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A Naked Singularity: A Novel (Paperback)
About the Author
Sergio De La Pava is a writer who does not live in Brooklyn.
"A Naked Singularity is not about physics. It's about the American criminal justice system in a large and chaotic city, a place slowly crushed by hopelessness in the same way that an ancient star is gradually crushed by gravity. . . . The novel is a densely packed and offhandedly poetic 678 pages. . . . It is about a city that teeters on the edge of total collapse and complete disaster, but that has the capacity to right itself (whew!) at the last possible second. . . . The novel is a cross between Moby-Dick and Police Academy. Between Descartes and Disneyland. Between Henry James and Henry Winkler."
— Julia Keller
"This book is ambitious. It's 678 octavo pages--about 13,000 tweets. It's the sort of book you write if you're not sure anyone will ever let you write another one. . . . Even while the lives it describes are often bleak, the book is funny, consistently so. . . . The heist is discussed so exhaustively that when it finally transpires it's thrilling. Casi's defendants, all messes, are lovely and authentic. I could have done with a whole book about them, or rather I enjoyed the whole book about them I read in the middle of this much larger book about other things. A story of a death penalty case begins drenched in irony and grows ever more serious. . . . It's a fine thing for an author to bring forth something so unapologetically maximalist."
— Paul Ford
— Tim Feeney
"One of the best and most original novels of the decade. . . . It's one of those fantastic, big, messy books like Darconville's Cat or Infinite Jest or Women and Men, though it's not really like any of those books or those writers. . . . . But see here: I refuse to divulge too much of the plot, because watching it unfold is one of the great joys of the novel. . . . . What I keep coming back to is the audacity of this novel, which is truly a towering, impressive work--De La Pava's not hesitant to break and then mirror the narrative with the story of professional boxer Wilfred Benitez, or insert a recipe, none of which hinder the narrative but rather shape the entirety of the book, making the actual story and its effect on the characters (and the characters' actions that shape the story, et cetera) more profound. . . . If you like The Wire, if you like rewarding, difficult fiction, if you like literary, high-quality artistic and hilarious yet moving novels that are difficult to put down, I can’t recommend A Naked Singularity enough."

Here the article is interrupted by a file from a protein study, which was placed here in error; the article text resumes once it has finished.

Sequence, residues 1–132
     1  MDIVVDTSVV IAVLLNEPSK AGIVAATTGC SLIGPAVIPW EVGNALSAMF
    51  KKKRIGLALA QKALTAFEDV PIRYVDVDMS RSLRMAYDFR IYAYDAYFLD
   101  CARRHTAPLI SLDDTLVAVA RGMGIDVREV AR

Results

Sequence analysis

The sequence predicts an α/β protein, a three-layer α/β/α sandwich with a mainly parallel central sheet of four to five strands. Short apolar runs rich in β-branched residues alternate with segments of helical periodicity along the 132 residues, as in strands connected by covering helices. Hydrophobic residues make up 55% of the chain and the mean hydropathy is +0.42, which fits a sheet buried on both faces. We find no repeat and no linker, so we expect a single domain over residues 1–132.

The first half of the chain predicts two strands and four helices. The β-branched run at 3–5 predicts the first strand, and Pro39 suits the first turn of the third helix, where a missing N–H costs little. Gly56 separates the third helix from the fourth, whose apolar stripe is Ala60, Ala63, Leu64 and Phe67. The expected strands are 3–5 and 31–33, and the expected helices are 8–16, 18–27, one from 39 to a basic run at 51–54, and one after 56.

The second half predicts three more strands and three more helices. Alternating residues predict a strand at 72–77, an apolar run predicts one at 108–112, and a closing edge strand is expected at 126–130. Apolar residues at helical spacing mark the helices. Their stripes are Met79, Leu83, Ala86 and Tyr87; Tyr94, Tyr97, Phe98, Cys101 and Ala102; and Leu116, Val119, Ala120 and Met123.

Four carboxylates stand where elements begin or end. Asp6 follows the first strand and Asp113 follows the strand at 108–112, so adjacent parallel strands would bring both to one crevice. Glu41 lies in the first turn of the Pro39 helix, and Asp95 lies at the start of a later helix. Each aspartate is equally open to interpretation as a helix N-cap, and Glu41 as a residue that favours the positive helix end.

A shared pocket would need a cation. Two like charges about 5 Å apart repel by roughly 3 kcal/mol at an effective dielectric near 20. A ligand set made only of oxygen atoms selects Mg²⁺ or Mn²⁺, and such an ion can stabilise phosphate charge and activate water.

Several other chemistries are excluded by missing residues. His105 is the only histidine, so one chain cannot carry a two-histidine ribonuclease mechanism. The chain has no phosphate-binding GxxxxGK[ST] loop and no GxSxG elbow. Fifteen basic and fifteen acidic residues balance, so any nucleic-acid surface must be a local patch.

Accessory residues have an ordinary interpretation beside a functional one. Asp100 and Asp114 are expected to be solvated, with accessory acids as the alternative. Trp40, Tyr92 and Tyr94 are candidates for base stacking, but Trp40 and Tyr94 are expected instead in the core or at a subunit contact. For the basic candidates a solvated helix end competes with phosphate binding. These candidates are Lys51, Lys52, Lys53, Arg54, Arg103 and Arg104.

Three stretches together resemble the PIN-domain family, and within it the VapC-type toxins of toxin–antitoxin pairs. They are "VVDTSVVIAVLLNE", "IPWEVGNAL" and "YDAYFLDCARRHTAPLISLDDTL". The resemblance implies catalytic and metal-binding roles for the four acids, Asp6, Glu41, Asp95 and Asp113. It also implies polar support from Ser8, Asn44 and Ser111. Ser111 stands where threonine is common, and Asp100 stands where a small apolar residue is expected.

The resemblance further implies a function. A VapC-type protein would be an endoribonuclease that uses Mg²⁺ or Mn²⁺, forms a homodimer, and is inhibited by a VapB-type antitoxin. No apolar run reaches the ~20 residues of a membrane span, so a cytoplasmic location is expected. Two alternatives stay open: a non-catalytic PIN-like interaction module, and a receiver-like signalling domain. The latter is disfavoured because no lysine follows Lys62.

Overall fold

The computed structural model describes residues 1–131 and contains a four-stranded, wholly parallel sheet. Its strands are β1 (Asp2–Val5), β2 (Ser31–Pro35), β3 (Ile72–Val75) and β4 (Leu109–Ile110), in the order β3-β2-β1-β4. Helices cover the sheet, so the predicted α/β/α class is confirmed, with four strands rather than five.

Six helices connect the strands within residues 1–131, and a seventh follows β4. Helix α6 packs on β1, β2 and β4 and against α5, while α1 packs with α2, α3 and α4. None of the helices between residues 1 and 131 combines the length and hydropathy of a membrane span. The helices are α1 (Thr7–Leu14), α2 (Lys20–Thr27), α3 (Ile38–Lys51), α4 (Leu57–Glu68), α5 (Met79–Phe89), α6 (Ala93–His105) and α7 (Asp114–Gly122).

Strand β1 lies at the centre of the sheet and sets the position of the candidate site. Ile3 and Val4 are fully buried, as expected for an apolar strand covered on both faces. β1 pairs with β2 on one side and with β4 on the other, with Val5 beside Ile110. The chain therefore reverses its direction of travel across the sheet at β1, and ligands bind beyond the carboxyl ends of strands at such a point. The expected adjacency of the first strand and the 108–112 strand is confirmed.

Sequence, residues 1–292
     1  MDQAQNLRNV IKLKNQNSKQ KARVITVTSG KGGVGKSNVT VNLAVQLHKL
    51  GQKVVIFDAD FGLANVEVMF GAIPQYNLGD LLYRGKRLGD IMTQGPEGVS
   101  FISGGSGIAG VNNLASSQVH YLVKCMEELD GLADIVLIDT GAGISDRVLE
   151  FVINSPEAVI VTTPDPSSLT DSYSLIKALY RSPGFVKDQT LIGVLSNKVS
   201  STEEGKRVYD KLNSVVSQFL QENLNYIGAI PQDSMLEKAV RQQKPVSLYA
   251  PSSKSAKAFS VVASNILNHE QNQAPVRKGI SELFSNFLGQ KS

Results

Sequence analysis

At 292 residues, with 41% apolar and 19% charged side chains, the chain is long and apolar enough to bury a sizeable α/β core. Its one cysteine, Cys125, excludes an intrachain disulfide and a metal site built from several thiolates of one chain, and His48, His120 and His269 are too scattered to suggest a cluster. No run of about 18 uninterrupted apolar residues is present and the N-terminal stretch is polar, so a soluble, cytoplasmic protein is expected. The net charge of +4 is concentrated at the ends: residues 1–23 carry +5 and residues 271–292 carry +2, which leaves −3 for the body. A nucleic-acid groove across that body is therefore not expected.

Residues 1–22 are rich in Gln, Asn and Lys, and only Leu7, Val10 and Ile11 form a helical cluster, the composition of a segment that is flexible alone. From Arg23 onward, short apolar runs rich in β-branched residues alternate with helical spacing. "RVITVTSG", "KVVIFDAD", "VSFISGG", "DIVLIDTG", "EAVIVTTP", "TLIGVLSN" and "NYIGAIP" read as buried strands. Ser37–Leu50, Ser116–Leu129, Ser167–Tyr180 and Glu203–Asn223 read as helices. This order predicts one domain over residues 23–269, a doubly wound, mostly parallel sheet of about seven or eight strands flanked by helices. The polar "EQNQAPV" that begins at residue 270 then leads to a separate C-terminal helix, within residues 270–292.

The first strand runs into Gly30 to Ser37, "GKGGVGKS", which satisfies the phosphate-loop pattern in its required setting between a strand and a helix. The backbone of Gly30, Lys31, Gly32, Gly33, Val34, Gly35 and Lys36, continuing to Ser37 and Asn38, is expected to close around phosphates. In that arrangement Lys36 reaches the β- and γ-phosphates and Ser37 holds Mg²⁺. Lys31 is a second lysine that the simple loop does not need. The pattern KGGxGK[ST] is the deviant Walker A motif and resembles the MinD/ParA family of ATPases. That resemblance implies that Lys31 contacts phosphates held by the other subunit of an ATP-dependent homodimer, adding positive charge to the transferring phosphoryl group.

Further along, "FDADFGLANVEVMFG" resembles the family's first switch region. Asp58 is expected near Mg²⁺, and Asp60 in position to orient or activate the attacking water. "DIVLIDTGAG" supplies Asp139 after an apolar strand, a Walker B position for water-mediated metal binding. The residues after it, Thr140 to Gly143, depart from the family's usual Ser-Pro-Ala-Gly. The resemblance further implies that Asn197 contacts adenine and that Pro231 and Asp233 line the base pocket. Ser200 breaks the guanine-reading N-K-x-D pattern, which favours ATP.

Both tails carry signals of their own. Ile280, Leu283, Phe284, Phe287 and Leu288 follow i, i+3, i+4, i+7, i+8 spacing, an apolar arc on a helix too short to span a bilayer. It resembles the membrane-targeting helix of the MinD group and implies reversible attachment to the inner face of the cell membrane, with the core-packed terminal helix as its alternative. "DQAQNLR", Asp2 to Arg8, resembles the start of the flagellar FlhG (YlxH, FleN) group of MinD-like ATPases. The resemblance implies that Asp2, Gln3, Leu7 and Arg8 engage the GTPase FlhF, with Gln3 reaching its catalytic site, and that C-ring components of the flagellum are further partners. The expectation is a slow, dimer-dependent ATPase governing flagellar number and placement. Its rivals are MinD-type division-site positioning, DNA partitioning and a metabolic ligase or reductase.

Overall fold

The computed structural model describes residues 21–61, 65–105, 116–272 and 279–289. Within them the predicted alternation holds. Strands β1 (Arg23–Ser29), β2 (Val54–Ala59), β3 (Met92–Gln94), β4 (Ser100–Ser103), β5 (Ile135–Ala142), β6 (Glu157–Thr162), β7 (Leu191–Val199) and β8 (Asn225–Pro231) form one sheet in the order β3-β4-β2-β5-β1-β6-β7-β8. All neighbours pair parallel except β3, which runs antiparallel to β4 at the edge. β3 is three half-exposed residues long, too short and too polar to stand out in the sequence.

— Scott Bryan Wilson
— Miles Klee
— Steve Donoghue
— Miles Klee
"I strongly encourage you to overcome whatever hesitation the phrase 700-page self-published novel may inspire in you and pick it up. It is a beautiful monster of a book, a novel that left this reviewer, at least, feeling like maybe there's some point in reading novels--and writing them--after all."
— Paul La Farge
"'Buzz' is a dirty word in reviewing circles, being a close cousin to 'hype' and often having the same air about it of ad copy generated by publicity departments. It's the kind of word that should put you immediately on guard: Just where is this buzz coming from? Who is doing the buzzing? That said, sometimes buzz can be a good thing. Sergio De La Pava's A Naked Singularity is a case in point. . . . A Naked Singularity is . . . a great American novel: large, ambitious, and full of talk. . . . We can be thankful that this time the buzz did its work."
"When I started reading A Naked Singularity, after a page or two I realized I was going to love it--and I did--but why? I've never sat down to analyze what it is that makes me read a book voraciously from cover to cover, fretting when I have to put it down and longing through the day to get back to it. I like, admire, appreciate a whole range of books and am happy to devote my time and attention to them, but the ones that take me over are rarer. . . . Casi's voice is astonishing, cynical but compassionate, alive to the ridiculous and the pitiful and the horrific but never losing its commitment to morality."
— Lian Hearn, author of Tales of the Otori
A Philadelphia City Paper Book of the Year
"Exuberant, hyperverbal . . . a minor masterpiece of humor, paranoia, and even flashy technique."
— Steven Moore